Asia to lead retail banking IT spend

Come 2015, Asia-Pacific region will clock highest growth in global spending on retail banking technology hitting US$28.1 billion, with strong focus on Internet banking, new report reveals.

The Asia-Pacific region will see the biggest increase worldwide in spending on retail banking technology by 2015, growing 49 percent to hit US$28.1 billion, revealed a new study.

In a report released Wednesday, research firm Ovum said the bulk of investments will be pumped into areas that save cost and improve customer service such as online and mobile banking. With Asia-Pacific leading the pack, global expenditure on retail banking technology will total US$132 billion in 2015, marking a 24 percent growth over the next five years.

Within the region, Japan will account for the largest share at US$9 billion in 2015, Ovum noted. The remaining countries predicted to make the top five are China at US$7.8 billion, India (US$2.7 billion), Australia (US$2.7 billion), and South Korea (US$1.5 billion). Singapore's retail bank sector will hit US$427 million, according to the research house.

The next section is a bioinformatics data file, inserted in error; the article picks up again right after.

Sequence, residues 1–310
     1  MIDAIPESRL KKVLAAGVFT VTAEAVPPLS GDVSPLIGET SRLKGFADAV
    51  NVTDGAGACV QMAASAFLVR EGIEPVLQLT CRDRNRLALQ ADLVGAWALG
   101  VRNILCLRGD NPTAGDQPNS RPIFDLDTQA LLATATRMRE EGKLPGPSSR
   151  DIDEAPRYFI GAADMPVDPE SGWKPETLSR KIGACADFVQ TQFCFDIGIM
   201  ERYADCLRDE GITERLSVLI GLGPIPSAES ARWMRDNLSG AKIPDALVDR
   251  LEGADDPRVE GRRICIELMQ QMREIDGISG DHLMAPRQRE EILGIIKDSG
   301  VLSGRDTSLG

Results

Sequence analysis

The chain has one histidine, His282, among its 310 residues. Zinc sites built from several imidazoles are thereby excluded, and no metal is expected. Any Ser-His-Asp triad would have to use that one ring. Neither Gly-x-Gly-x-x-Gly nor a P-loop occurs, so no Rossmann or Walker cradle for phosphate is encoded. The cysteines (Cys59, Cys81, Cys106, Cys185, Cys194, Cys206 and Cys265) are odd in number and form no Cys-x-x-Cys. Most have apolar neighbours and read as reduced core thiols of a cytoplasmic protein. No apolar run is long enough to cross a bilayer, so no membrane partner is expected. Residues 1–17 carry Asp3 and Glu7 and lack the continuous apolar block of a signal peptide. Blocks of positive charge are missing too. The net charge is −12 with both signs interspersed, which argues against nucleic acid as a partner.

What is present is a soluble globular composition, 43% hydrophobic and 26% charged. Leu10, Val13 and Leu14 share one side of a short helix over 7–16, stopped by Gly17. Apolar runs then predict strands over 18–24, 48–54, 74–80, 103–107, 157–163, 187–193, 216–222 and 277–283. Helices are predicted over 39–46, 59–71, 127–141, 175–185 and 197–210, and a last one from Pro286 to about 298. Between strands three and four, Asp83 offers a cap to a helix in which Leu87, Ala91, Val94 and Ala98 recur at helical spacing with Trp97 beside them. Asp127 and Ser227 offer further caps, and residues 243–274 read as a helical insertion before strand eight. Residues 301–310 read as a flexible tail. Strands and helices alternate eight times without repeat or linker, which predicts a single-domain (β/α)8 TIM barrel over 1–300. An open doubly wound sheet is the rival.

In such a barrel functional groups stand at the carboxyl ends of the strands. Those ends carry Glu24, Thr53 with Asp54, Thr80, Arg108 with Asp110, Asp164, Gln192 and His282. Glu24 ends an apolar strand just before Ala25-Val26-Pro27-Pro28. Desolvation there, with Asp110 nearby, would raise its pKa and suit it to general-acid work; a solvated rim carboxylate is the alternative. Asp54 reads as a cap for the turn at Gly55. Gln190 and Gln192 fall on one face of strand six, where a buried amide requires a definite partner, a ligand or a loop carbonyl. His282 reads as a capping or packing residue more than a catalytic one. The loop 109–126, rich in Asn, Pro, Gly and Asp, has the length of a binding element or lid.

Jaroslaw Knapik, Ovum's senior analyst noted in the report that China and India will see the fastest growth rates.

The increase in technology spend as banks set up new branches in less-saturated markets across the region will drive the growth of emerging markets, Knapik explained. According to Ovum, branch tech spending in emergent Asia will jump 53 percent to reach US$1.9 billion within the next five years.

Online, mobile banking
The research firm stated that the surge in investments will be fuelled by the banking industry's need to grow revenues and improve customer trust. This would explain the heavier spending on areas such as online and mobile banking, technology in branches in emerging markets including China and India, and channel integration, it noted.

It added that investments in Internet banking will grow 39 percent from 2010 to 2015 to hit US$1.8 billion.

Knapik said banks will be pumping money into online platforms, extending into mobile devices and tablets because these can help service clients at a lower cost.

Investments will also be poured into technologies that allow "smarter" selling and servicing, such as customer analytics and channel integration, he said.

The Ovum analyst highlighted that as banks face ever-increasing regulatory requirements, they will be driven to invest in technologies that help them reduce costs, such as data management, business intelligence and analytics.

Over the next five years, spending on mid-office components such as risk management, anti-fraud, compliance and performance management based on cost-efficient technologies, will grow by 51 percent to hit US$650 million in emerging Asia-Pacific markets, and by 28 percent to reach US$1.1 billion in developed economies in the region, Ovum estimated.